Though there is no standard drug therapy for cognitive impairment, several experimental “nootropic” agents may provide improvements in cognitive function. Nootropic drugs are used specifically to facilitate learning and memory and might prevent the cognitive deficits associated with dementias. Many of these medications are not commonly available, or are available though specialist physicians.

Lifestyle and Dietary Modifications

Modifications to your life style can enhance cognitive function. Maintaining proper physical exercise allows for increased blood flow to the brain, as well as reduces stress.

Mental exercises and keeping the mind active play an important role in cognition. This can range from crossword puzzles, taking a class, reading or being active in a community book club.

Diets high in certain fish are especially good for the brain. These fish includes salmon, tuna, trout, mackerel, and sardines.

Nutritional Factors Shown to be Beneficial

Ginkgo biloba

Ginkgo is one of the most extensively studied nutritional supplements for neurodegenerative conditions, directly improves brain metabolism, increases brain blood flow, and provides antioxidant action. It also has an effect in enhancing neurotransmission, the process that brain cells communicate with each other.
Dose: 120 – 240 mg of standardized extract a day

Vitamin B12

Vitamin B12 (Methylcobalamin) is critical for maintaining myelin, the protective coat surrounding each neuron.
Dose: 200 mcg a day

Vitamin E

Vitamin E exhibits profound ability to limit free radical damage in the brain. Diets rich in Vitamin E have been shown to reduce the risk of Parkinson’s disease by an incredible 61%, and to dramatically slow disease progression, especially when given in conjunction with Vitamin C. It also has slowed the progression of Alzheimer’s disease significantly. Vitamin E is a general term for a chemical class known as the tocopherols and tocotrienols. These compounds are antioxidant and can help reduce the oxidation process that occurs with atherosclerotic plaques. They seem to better in a combination of mixed tocopherols instead of alpha tocopherol, which most vitamin supplements consist of alone.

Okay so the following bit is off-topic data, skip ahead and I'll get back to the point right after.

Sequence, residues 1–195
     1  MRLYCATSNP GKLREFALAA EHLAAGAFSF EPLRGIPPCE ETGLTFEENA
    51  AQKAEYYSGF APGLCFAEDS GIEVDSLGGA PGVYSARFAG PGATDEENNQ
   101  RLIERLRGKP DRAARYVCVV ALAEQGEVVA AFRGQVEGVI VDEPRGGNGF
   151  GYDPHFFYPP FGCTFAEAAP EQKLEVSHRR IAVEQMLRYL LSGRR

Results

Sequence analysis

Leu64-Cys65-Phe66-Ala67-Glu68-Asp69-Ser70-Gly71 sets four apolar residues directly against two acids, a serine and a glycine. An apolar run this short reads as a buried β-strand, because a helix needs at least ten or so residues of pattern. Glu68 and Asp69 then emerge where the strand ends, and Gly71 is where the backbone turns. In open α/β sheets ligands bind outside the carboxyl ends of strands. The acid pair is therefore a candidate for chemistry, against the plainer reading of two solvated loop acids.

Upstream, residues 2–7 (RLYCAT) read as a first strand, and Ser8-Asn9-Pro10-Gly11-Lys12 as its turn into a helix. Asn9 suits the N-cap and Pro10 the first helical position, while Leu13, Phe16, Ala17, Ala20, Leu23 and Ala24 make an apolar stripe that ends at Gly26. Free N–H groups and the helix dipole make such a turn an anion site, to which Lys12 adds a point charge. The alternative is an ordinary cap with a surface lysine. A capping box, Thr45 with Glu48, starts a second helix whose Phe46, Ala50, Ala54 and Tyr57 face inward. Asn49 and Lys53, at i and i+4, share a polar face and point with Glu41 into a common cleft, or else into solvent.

Dose: 2000 IU / day


Vinpocetine, a powerful cognitive enhancer from the Vinca plant, helps maintain healthy circulation in the brain and accelerates cerebral metabolism. Vinpocetine also aids memory, increasing the concentration of certain neurotransmitters involved in memory formation. By expanding the brain’s blood vessels and optimizing the blood flow, vinpocetine improves the brain’s access to oxygen and other essential nutrients thus, maximizing mental performance. As a potent antioxidant and neuroprotector, vinpocetine limits ongoing brain damage from free radical production.
Dose: 5-10 mg twice a day


Coenzyme Q-10 measurably increases the efficiency of cellular energy production. In addition, it serves as a potent brain antioxidant.
Dose: 30-60 mg day

Acetyl L-Carnitine

Acetyl-L-Carnitine, like coenzyme Q-10, enhances neuronal energy production by transporting fuel sources into the mitochondria – the energy producing machinery of the neuron. This particularly benefits damaged brain neurons, which are characterized by decreased energy producing ability. In addition, acetyl-L-carnitine acts as an effective antioxidant and been demonstrated to protect laboratory animals from developing Parkinsonism when they are exposed to chemicals known to induce the condition.
Dose: 2 grams / day


PhosphatidylSerine is the subject of many studies around the world, showing that it improves attention, concentration, short term memory and imparts a protective effect against stress chemicals.
Dose: 100 -300 mg day


Bacopa strengthens memory and general cognition by enhancing brain nerve conduction and communication.
Dose: 200-400 mg day

Docosahexaenoic acid (DHA)

DHA is a long chain fatty acid derived from fish, and is incorporated into nerve cell membranes. These fatty acids are needed for development for in the prenatal brain. DHA in particular is important for nerve tissues.
Dose: 1-3 grams a day.